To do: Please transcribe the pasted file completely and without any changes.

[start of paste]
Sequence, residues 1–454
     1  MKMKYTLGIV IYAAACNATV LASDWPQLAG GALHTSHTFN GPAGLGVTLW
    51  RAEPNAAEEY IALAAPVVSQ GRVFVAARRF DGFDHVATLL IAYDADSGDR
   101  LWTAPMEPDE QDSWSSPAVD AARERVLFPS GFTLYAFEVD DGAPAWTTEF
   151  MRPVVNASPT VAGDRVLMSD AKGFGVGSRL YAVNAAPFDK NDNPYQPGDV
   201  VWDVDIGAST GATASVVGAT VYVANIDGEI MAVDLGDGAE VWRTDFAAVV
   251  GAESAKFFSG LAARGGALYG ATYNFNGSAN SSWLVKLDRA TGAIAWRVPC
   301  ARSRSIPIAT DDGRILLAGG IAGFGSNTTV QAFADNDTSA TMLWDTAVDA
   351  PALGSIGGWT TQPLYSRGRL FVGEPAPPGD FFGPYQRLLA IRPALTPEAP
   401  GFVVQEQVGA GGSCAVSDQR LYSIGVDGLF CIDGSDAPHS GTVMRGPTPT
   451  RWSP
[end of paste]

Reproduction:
Sequence, residues 1–454
     1  MKMKYTLGIV IYAAACNATV LASDWPQLAG GALHTSHTFN GPAGLGVTLW
    51  RAEPNAAEEY IALAAPVVSQ GRVFVAARRF DGFDHVATLL IAYDADSGDR
   101  LWTAPMEPDE QDSWSSPAVD AARERVLFPS GFTLYAFEVD DGAPAWTTEF
   151  MRPVVNASPT VAGDRVLMSD AKGFGVGSRL YAVNAAPFDK NDNPYQPGDV
   201  VWDVDIGAST GATASVVGAT VYVANIDGEI MAVDLGDGAE VWRTDFAAVV
   251  GAESAKFFSG LAARGGALYG ATYNFNGSAN SSWLVKLDRA TGAIAWRVPC
   301  ARSRSIPIAT DDGRILLAGG IAGFGSNTTV QAFADNDTSA TMLWDTAVDA
   351  PALGSIGGWT TQPLYSRGRL FVGEPAPPGD FFGPYQRLLA IRPALTPEAP
   401  GFVVQEQVGA GGSCAVSDQR LYSIGVDGLF CIDGSDAPHS GTVMRGPTPT
   451  RWSP